5.1.6) Picture 6: Pulsating cycles, PAL


      _____________________                                          ___...
     /                     \           R1      R1      R1           /
    /                       \          ___     ___     ___         /
   /                         \   ||   |   |   |   |   |   |   |   /
  /                           \  ||   |   |   |   |   |   |   |  /
 /                             \ ||___|R2 |___|R2 |___|R2 |___| /
/                               \||   |___|   |___|   |___|   |/
 
:     :                   :      ::   :   :   :   :   :   :   :      :
: 2s  :        7s         : 2.3s ::32f:32f:32f:32f:32f:32f:32f:  2s  :
:     :                   :      ::   :   :   :   :   :   :   :      :
                                 10f                          2f
                                           <-- ~9s -->
R1 = lines in region 1
R2 = lines in region 2
f  = frames

Here is where the two regions differ. When R1 rises to ~60% of max amplitude, R2 goes to black. Otherwise they change in parallel.


    5.1.7) Picture 7: Pulsating cycles, NTSC


      ____________________..._________________                     _____...
     /                                        \                   /
    /                                          \                 /
   /                                             \              /
  /                                               \            /
 /                                                  \         /
/                                                    \_______/
:     :                                      :       :       :     :
:3.5s :                 22s                  :  5s   :  4s   :3.5s :
:     :                                      :       :       :     :

As can be seen, the NTSC-Macrovision cycle is very simple.

All the slopes and the stable regions between them are timed in seconds, because a) the timing is not so critical and b) it is difficult to say in which frame a slope starts or ends.

Below is an example of what a recorded Macrvision line looks at its worst. The spikes are adjusted to have the amplitude of a normal sync pulse by the AGC, so the real sync pulses are in turn vanishingly small. Because of that the TV usually loses sync and the picture starts to roll.


    5.1.8) Picture 8: NTSC Macrovision line at the receiving end


0         1         2         3         4         5         6   0         1
0123456789012345678901234567890123456789012345678901234567890123012345678901

         __      __      __      __                                      --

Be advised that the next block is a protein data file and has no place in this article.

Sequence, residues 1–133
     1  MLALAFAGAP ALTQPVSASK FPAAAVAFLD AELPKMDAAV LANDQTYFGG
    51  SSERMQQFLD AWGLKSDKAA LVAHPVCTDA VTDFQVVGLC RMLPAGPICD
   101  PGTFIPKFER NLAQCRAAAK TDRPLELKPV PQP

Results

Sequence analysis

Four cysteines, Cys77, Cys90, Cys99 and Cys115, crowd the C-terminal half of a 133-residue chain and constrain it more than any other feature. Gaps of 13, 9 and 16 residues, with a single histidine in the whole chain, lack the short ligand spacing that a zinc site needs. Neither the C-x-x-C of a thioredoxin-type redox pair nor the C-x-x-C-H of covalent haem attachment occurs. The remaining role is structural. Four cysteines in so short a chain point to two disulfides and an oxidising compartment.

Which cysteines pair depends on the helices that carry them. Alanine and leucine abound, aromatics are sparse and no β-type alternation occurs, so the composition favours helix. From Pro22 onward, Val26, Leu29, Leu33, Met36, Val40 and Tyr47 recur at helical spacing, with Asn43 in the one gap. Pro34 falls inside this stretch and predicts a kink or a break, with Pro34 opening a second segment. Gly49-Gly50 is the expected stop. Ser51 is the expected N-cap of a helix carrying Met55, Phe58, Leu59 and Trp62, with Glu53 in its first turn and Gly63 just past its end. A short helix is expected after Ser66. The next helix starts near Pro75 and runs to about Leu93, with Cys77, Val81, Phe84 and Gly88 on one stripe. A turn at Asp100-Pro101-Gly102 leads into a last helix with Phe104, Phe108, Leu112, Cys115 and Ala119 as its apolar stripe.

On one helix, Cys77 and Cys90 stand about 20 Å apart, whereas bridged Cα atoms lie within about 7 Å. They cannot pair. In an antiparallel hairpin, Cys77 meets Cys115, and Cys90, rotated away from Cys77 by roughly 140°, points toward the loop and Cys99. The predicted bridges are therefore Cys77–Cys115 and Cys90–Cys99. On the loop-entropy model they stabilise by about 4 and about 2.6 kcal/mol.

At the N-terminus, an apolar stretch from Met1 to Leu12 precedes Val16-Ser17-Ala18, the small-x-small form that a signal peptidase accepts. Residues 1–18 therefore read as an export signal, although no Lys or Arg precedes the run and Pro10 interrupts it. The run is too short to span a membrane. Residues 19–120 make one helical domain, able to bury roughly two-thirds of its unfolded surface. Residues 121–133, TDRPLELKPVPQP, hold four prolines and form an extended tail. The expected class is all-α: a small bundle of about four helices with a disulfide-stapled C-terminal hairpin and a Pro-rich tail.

|  |    |  |    |  |    |  |                                    |  |
.-MM--._|   --._|   --._|   --._|   -----------------------.____.-MM--._|


  5.2) How to eliminate

Here is a small disclaimer-type paragraph: I have built an eliminator and have used it for backing up my own precious videotapes. Try, for example, get a replacement for your damaged "The Little Mermaid" videotape. You're lucky, if you succeed. I almost never rent videotapes; the picture sucks and they are usually "pan-and-scan" transfers. And the last reason: I'm a hardware hacker, so I did it just for the heck of it.

Macrovision elimination is VERY simple, if you have some knowledge of electronics. My primary inspiration was:

"Macrovision decoder/blanker"
Elektor Electronics, October 1988, pp. 44-47.

(Note: it features an older version of Macrovision; not that different, though.)

I built roughly an equivalent circuit myself, but it was higly unsatisfactory. Reasons:

  1. The circuit assumes that the incoming video signal has a certain amplitude ==> it uses fixed voltages and signal levels, which do not work properly (because of varying input level and unaccurate clamping).
  2. Too many cheap electronic switches along the signal path ==> visibly worsened picture quality (soft, color fluctuations).
  3. Chops off color burst from protected lines ==> horrible color purity errors near the top edge of the picture (perhaps the most visible error).

Below is a block diagram of my currently satisfactorily working device. It resembles only remotely the EE one. The basic idea is that the Macrovision pulses are replaced with a black level. I challenge anyone to make a simpler device.